TransACT heralds 'true Video on Demand'

Canberra telco TransACT will this week bolster Australia's first Video on Demand (VOD) service, which will give its 13,000 pay TV subscribers access to a wide range of new releases and back-catalogue Hollywood movie titles.

TransACT has partnered with content aggregator Anytime, which has rights to content from Twentieth Century Fox, Sony Pictures, Warner Bros and Universal Pictures. Anytime claims it has the largest single content offering available to the Asian region, with 20,000 titles.

"Our partnership with Anytime heralds a new era in home entertainment," said TransACT General Manager Retail Ivan Slavich.

"True interactive movies on demand will revolutionise the home entertainment industry over the next decade and TransACT customers are the first to experience it in Australia across a fibre-optic network," he said.

Before the new partnership, TransACT offered its customers a selection of 300 titles from partner VOD. With a soft launch this week, customers will have access to an additional 100 titles, most of which are new releases.

TransACT content manager Ben Kinealy said there would be another 350 to 500 titles available with the major roll-out and marketing campaign in March. This selection will be regularly rotated from Anytime's bank of 20,000 titles.

"This will see us having 70 per cent of new release material you will find on the shelves at video stores, only it will be available in real time from your lounge room," he said.

True VOD, where consumers can immediately access content and watch it at any time, usually through a set top box, has been slow to take off in Australia.

A Point Topic report last year estimated there to be more than 230,000 DSL and fibre subscribers with access to true VOD and predicted the number to reach over one million by May this year. However, until recently, VOD providers have had to use mainly older titles, as Hollywood studios had been reluctant to sell to a new medium that may threaten their control over current distribution channels.

According to the report, a 1.5MB connection is needed for true VOD, however much faster bandwidth is desirable. With a recent IDC report revealing that 70 per cent of Australian broadband connections are still only 256Kbps, VOD could still be a while away for those Australians outside Canberra.

However, Telstra BigPond has announced a movie download service to be launched before June.

"This will be a 'download to PC' service, as distinct from video streaming, which will deliver far higher quality for the customer. Initially we intend to launch with a select range of content and this will build up as the service progresses, ultimately offering a range of movie and video content," said Telstra Spokesperson Craig Middleton.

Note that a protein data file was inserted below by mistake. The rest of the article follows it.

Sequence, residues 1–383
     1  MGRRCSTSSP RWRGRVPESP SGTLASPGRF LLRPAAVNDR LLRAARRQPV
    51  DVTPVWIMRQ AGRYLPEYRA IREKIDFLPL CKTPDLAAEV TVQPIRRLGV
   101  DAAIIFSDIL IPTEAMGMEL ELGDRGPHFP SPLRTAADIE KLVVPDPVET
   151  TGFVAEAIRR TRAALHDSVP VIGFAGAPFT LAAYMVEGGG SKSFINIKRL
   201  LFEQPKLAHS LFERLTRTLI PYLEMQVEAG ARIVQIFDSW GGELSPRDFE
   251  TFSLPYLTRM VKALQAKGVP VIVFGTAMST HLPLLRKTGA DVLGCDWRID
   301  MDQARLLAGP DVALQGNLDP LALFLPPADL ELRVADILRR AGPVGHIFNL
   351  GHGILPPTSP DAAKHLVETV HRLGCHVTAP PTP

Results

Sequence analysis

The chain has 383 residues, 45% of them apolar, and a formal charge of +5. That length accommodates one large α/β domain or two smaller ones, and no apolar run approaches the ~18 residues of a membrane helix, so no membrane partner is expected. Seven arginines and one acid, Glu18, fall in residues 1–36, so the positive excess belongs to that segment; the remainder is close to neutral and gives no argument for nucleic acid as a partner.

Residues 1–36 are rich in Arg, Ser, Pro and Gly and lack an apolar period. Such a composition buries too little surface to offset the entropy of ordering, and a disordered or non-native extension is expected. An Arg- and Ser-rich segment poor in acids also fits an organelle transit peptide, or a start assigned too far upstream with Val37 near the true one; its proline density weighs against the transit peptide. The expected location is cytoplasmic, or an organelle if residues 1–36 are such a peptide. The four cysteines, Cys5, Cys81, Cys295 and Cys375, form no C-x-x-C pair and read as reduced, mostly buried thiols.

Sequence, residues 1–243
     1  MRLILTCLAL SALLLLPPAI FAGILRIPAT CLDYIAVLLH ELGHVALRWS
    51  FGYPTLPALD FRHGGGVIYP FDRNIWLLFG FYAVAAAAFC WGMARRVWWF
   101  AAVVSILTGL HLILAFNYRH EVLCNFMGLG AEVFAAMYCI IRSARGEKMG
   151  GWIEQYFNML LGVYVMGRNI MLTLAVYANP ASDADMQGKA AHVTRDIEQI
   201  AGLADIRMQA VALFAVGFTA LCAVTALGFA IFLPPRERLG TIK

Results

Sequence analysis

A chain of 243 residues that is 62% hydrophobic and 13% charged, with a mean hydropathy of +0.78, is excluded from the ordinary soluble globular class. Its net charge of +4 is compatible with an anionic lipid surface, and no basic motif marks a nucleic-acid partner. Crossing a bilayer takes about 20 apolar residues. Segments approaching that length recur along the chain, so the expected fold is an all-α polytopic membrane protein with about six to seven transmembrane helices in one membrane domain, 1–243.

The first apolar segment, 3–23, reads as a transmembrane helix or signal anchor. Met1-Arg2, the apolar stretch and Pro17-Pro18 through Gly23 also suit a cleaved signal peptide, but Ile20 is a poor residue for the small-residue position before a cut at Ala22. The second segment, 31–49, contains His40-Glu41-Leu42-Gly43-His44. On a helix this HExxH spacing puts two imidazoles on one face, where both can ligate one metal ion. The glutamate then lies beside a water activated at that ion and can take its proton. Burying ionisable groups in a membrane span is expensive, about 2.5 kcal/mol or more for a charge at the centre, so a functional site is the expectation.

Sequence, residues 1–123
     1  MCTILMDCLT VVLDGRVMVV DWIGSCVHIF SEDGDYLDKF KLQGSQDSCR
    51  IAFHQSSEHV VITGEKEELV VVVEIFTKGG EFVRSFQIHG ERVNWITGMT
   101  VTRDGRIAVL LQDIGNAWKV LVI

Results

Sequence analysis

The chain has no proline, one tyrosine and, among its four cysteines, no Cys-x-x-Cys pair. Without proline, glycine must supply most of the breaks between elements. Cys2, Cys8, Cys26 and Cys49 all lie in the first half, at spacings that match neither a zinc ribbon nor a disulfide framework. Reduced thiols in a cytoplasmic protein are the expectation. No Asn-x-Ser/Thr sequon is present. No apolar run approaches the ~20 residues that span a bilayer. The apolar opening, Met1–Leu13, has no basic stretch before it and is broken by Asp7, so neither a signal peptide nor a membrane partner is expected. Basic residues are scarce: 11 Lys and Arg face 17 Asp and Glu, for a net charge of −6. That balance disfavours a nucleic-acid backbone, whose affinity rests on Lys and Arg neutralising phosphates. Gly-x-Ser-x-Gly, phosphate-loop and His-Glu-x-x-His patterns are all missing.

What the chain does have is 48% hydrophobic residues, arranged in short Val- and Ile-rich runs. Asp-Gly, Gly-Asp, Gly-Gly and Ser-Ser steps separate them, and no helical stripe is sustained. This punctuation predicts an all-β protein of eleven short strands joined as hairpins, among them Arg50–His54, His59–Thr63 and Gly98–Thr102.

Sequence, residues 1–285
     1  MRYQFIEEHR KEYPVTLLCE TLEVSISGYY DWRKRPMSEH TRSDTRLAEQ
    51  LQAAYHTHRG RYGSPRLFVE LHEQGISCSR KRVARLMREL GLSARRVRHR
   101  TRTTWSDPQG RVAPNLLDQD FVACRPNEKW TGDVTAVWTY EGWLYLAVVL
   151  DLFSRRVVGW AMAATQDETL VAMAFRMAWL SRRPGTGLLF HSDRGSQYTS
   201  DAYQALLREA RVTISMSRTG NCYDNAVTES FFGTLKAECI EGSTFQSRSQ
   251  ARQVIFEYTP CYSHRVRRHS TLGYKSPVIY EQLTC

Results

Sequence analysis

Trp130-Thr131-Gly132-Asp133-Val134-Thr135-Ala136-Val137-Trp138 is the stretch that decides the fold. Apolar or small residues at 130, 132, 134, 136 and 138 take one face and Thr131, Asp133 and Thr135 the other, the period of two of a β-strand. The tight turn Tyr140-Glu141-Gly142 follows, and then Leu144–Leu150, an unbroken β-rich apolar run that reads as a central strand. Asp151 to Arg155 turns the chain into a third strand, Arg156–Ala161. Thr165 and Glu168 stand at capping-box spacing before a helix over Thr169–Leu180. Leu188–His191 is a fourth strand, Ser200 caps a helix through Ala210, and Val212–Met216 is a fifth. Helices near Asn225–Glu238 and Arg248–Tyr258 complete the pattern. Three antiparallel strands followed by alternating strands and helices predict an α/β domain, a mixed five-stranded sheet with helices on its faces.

Movies in this form could be available overnight or in up to two days, depending on bandwidth and connection.

Optus is also investigating Video On Demand options but has no fixed plan at the moment, according to a spokesperson.

The Optus HFC network was fully digitised as part of an iTV trial two years ago, so it is already capable of supporting digital streaming.

"(Even though) video continues to steal the headlines, meat and potato applications like news, weather, e-mail, search, IM, photos, and music are still monopolising usage," she said.

VideoEzy CIO James Huckerby said that rather than VOD being a challenge to the Video/DVD rental business it is an opportunity.

"We are in a great position to offer VOD services. We have a customer base of several million already and we know what their tastes are," he said.

"We are currently in negotiation with a number of potential partners through which we plan to deliver a VOD service," Huckerby said but declined to give any time-frame for doing so.

TransACT currently delivers its VOD service over a "fibre to base" system, or VDSL over ATM.

"We currently use ADSL for data and telephony and are working towards delivering video over ADSL because it is so much cheaper to deploy," Kinealy said.

"When this happens we will be able to extend our geographical subscriber base to not only cover 100 per cent of the ACT but also to extend over into NSW."

At the moment TransACT customers will pay $6.50 per day for new releases and $4 for "library content".

"But we are looking to develop a subscription 'all you can eat' pricing model when we roll out the offer in March," Kinealy said.

Click here to see what the TransACT user interface looks like.

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